Influence of Individual Characteristics on Work Engagement and Job Stress in a Sample of National and Foreign Workers in Switzerland

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Abstract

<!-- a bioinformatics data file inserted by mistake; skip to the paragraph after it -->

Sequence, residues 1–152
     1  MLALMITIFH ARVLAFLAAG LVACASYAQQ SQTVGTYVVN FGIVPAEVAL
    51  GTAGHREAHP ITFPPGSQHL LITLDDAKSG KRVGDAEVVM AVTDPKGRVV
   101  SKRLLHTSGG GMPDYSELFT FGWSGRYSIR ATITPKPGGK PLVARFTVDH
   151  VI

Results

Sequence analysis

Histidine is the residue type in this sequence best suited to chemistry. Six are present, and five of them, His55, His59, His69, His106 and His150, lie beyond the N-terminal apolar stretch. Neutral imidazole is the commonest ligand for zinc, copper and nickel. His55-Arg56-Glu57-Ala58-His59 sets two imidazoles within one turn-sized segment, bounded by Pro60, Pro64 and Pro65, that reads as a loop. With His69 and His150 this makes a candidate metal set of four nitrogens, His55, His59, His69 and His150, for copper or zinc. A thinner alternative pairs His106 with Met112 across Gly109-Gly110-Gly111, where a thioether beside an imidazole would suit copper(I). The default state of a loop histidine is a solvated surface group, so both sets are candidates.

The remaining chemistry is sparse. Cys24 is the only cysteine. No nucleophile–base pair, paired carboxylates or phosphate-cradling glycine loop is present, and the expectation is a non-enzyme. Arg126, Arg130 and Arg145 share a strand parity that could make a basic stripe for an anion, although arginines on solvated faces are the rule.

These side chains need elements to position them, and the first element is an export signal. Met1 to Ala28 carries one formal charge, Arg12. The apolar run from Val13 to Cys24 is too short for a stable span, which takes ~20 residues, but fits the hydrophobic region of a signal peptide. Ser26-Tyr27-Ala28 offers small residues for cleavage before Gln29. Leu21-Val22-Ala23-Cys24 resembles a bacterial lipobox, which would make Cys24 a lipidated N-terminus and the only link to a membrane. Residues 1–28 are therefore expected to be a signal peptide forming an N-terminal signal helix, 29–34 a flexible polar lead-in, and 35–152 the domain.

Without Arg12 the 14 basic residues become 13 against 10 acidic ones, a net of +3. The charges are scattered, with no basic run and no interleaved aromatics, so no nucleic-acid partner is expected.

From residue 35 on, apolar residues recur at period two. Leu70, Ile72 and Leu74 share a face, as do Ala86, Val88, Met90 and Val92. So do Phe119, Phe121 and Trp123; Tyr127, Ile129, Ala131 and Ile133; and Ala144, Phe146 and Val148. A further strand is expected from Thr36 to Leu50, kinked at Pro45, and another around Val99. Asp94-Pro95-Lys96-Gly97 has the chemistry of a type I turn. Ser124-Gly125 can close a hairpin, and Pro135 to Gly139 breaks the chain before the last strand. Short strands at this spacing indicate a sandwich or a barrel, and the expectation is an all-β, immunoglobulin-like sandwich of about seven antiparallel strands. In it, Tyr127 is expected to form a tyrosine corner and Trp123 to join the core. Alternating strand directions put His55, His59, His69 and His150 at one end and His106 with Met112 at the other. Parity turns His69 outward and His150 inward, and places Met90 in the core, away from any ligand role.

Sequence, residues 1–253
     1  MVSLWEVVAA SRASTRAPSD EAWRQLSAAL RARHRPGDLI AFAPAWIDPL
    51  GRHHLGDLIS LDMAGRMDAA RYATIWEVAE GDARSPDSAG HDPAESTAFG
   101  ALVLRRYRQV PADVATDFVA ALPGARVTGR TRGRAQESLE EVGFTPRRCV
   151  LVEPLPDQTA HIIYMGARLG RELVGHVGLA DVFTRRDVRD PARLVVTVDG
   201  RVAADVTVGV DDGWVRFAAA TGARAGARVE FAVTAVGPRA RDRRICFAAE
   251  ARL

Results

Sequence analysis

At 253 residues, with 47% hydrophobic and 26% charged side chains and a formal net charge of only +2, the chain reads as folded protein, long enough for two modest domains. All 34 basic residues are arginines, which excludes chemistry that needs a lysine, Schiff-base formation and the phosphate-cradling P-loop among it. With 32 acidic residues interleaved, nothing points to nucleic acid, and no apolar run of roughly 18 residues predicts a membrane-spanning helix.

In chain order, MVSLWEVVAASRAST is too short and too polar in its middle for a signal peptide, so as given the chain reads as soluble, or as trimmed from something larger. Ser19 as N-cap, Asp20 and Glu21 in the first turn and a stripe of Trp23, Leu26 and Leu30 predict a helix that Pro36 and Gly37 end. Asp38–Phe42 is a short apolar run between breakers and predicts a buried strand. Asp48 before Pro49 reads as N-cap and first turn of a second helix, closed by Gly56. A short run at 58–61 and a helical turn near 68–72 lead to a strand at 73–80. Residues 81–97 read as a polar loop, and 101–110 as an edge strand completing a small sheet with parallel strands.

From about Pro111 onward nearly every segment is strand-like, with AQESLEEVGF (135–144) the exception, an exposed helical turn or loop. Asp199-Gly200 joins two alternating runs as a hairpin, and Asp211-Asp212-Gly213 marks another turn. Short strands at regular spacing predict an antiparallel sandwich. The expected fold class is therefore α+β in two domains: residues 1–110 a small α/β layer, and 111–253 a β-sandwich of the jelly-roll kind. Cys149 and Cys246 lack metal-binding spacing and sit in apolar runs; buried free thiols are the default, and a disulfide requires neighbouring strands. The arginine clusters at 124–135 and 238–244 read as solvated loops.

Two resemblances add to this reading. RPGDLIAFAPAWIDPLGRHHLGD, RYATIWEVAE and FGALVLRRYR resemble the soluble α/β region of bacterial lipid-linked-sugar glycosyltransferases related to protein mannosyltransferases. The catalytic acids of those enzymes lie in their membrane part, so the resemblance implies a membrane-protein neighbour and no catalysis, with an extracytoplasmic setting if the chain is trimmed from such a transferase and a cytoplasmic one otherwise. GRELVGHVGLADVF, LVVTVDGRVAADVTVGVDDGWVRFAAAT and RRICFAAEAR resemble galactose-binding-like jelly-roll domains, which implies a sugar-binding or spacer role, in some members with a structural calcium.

In most Western postindustrial societies today, the population is aging, businesses are faced with global integration, and important migration flows are taking place. Increasingly work organizations are hiring crossnational and multicultural workteams. In this situation it is important to understand the influence of certain individual and cultural characteristics on the process of professional integration. The present study explores the links between personality traits, demographic characteristics (age, sex, education, income, and nationality), work engagement, and job stress. The sample consisted of 618 persons, including 394 Swiss workers (200 women, 194 men) and 224 foreigners living and working in Switzerland (117 women, 107 men). Each participant completed the NEO-FFI, the UWES, and the GWSS questionnaires. Our results show an interaction between age and nationality with respect to work engagement and general job stress. The levels of work engagement and job stress appear to increase with age among national workers, whereas they decrease among foreign workers. In addition, work engagement was negatively associated with Neuroticism and positively associated with the other four personality dimensions. Finally, job stress was positively associated with Neuroticism and Conscientiousness, and negatively associated with Extraversion. However, the strength of these relationships appeared to vary according to the worker's nationality, age, sex, education, and income.

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